So, the sooner we can find a cure for Neuro cognitve decline and turn back the time on our aging brain the better we will all be. So, with the help of a little fish, in the future we might be able to grow new neuro tissue in the hypothalamus. Who knew that the Zebrafish light lead us to our own neuro fountain of youth.
Members of the Dorsky lab include:
|(Courtesy of Dorsky lab)|
-Lisa Benko- Graduate Student-Characterization of Multipotent Spinal Cord Progenitors
-Rob Duncan- graduate student- Identification of Neural Stem Cells in the Zebrafish Hypothalamus
-Hyung-Seok Kim-Postdoctoral-Fellow-Tcf3 Targets in Spinal Cord Development
-Adam McPherson-Graduate-Student-Functional Analysis of Post-Embryonic Hypothalamic Neurogenesis
-Xu Wang-graduate student-lab manager- Wnt Signaling and Post-Embryonic Hypothalamic Neurogenesis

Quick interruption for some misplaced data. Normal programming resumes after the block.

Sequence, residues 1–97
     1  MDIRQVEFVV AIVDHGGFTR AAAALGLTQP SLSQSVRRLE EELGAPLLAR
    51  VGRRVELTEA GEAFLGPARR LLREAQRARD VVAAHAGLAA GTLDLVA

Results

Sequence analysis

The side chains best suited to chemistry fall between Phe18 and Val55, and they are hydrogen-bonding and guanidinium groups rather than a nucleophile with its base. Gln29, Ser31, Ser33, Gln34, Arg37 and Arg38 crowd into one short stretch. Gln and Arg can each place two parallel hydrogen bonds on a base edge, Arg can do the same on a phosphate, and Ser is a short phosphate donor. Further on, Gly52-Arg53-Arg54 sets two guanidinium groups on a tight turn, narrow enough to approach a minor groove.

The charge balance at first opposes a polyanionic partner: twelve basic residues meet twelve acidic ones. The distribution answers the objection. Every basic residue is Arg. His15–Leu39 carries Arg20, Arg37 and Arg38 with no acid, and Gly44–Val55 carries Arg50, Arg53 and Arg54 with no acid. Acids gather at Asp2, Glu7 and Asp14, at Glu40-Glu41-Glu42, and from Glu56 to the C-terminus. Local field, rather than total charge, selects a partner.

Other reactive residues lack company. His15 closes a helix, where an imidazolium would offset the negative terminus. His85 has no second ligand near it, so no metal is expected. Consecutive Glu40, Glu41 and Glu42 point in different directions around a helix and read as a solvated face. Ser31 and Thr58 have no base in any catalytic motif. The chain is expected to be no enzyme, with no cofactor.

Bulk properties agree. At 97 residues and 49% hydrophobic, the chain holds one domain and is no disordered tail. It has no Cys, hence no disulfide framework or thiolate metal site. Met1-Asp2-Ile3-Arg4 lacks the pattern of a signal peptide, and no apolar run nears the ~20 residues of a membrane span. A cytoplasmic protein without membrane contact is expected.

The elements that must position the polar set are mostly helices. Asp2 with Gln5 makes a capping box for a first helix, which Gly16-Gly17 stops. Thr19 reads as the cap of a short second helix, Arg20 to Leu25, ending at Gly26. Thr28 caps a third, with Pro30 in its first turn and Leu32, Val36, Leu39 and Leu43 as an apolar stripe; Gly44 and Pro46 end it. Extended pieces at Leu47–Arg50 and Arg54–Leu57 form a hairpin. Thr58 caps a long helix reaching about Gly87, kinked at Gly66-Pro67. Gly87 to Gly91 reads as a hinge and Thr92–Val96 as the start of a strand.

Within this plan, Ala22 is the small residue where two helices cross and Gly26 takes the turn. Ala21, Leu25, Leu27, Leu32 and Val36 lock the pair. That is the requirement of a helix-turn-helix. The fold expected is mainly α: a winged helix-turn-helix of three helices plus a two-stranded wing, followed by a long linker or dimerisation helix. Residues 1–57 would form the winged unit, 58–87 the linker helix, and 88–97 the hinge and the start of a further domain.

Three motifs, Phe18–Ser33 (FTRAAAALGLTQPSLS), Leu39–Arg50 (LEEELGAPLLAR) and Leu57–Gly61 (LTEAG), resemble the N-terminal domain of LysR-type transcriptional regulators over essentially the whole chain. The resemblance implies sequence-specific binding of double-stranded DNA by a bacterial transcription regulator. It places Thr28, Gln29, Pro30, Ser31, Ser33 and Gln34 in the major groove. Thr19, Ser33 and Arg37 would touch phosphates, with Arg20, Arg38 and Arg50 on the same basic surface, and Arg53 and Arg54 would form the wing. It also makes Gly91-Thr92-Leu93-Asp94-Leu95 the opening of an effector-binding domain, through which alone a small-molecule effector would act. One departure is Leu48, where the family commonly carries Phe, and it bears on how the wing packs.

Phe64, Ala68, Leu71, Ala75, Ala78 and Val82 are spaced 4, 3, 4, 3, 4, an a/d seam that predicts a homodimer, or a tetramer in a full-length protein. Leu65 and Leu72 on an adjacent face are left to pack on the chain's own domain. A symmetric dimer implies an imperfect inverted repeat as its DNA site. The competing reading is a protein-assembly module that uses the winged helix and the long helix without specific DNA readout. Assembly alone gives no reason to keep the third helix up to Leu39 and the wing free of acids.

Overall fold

The Dorsky lab is part of the Department of Neurobiology and Anatomy which is located in the Wintrobe building adjacent to the school of medicine. The department occupies 17,000 square feet and has 13 department faculty researching: developmental biology, neuroscience, stem cells and regeneration, and neural disease and repair. The department currently uses several different animal models in its research: mouse, chicken, zebrafish, xenopus, and planaria.
Biotechnology Calendar, Inc. will be holding its 13th Annual Salt Lake BioResearch Product Faire Front Line event next on August 15, 2013. This professional show is an excellent opportunity for life scientists and lab equipment specialists to come together and discuss lab technologies to make every lab run at maximum efficiency. If you are unable to make it to our Utah show, these are other shows you might me interested in attending.
- 02/01/2013 13th Annual Houston BioResearch Product Faire™, located in Houston and situated at the Texas Medical Center.